Jan Gordon: "Emotion" in Painting

A drawing in the "Emotion" chapter of "A Stepladder to Painting" (1934) by Jan Gordon looked familiar.



The accompanying text is as follows:

"Let us imagine that you actually saw your miners returning home in the broad sunlight. Now the question is: are you going to stick to the simple problem of the miners' fatigue, their desire for rest, and their exhaustion, or are you going to give expression to the irony of the men coming out of the darkness to be welcomed by the sunlight which they cannot really enjoy? If you choose to paint them in the full sunlight you will be unable to give an expression at its most poignant of their fatigue. But you can paint them powerfully thus, if your intention is more ironical.
Only then you will have altered your emotional angle, and your colour scheme must be changed to suit. Or you may combine the moods and paint your miners dark and tired, massed against the ironical sunlight."

Where was it I had I seen this image of a cluster of tired men emerging from work?

It is in a painting from probably 1910 of a square in Ghent, which has a smokestack in the left background and a group of dark-clad workers emerging through a gate on what looks to be a cold autumn or winter afternoon. In contrast to the advancing workers there is a much more relaxed atmosphere in the square itself, with children playing and dogs walking. There are many engaging details to observe in this picture on closer inspection.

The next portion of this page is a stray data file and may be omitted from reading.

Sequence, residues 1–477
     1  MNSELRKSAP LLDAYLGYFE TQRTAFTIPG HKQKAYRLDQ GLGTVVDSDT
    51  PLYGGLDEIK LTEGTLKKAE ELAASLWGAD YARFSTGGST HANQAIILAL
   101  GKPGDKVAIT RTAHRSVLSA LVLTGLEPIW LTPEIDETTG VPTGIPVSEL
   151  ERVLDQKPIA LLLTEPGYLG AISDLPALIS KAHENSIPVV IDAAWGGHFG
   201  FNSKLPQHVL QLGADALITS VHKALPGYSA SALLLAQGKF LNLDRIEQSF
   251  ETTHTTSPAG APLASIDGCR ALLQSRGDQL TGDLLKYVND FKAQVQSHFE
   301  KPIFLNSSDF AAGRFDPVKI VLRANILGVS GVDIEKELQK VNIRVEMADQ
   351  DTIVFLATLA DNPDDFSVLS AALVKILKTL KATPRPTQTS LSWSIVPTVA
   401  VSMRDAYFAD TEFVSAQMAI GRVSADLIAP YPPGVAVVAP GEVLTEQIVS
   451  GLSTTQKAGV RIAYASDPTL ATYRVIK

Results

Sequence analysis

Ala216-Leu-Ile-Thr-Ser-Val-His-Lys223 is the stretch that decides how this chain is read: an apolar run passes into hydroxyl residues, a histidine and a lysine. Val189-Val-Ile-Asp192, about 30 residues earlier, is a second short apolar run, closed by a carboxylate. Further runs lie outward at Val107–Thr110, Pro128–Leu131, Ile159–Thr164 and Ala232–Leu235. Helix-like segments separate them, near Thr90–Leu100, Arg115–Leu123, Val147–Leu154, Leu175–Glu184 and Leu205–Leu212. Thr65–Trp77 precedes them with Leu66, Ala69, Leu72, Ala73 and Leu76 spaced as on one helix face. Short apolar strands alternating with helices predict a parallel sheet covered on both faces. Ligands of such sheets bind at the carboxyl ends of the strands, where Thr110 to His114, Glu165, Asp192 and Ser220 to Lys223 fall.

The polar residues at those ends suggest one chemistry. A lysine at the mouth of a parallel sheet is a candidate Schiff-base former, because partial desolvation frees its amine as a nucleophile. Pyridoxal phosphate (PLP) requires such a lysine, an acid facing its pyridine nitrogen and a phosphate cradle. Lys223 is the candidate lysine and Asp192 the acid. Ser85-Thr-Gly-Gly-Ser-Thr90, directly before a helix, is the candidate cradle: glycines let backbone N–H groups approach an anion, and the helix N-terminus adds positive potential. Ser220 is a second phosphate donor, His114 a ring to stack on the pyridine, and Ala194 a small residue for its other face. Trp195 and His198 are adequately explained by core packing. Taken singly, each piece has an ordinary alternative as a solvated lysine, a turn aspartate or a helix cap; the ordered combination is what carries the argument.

Here is a closer view:




How interesting to find this same motif enlarged upon in a book published nearly a quarter of a century later! In the original Jan Gordon contrasts the emerging workers with a carefree scene of people playing in a square, whereas a quarter of a century later he focuses the discussion on contrasting the "dark, tired, massed" workers against "ironical sunlight." 

Comments

Popular posts from this blog

Jan Gordon's "The Ostwald Colour System" (1938)

Jan Gordon and the Dazzle-Painting of Ships

Jan and Cora Gordon: Richard Perry and the YMCA during WW1